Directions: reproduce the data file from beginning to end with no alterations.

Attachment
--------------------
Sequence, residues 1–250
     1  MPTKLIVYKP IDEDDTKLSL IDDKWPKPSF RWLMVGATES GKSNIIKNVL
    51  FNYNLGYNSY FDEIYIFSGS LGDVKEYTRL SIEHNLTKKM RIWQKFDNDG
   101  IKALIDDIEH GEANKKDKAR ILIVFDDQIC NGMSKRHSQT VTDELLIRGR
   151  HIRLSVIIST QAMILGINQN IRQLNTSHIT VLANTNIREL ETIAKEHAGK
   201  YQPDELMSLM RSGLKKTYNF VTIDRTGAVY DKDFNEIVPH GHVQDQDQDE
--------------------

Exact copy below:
Sequence, residues 1–250
     1  MPTKLIVYKP IDEDDTKLSL IDDKWPKPSF RWLMVGATES GKSNIIKNVL
    51  FNYNLGYNSY FDEIYIFSGS LGDVKEYTRL SIEHNLTKKM RIWQKFDNDG
   101  IKALIDDIEH GEANKKDKAR ILIVFDDQIC NGMSKRHSQT VTDELLIRGR
   151  HIRLSVIIST QAMILGINQN IRQLNTSHIT VLANTNIREL ETIAKEHAGK
   201  YQPDELMSLM RSGLKKTYNF VTIDRTGAVY DKDFNEIVPH GHVQDQDQDE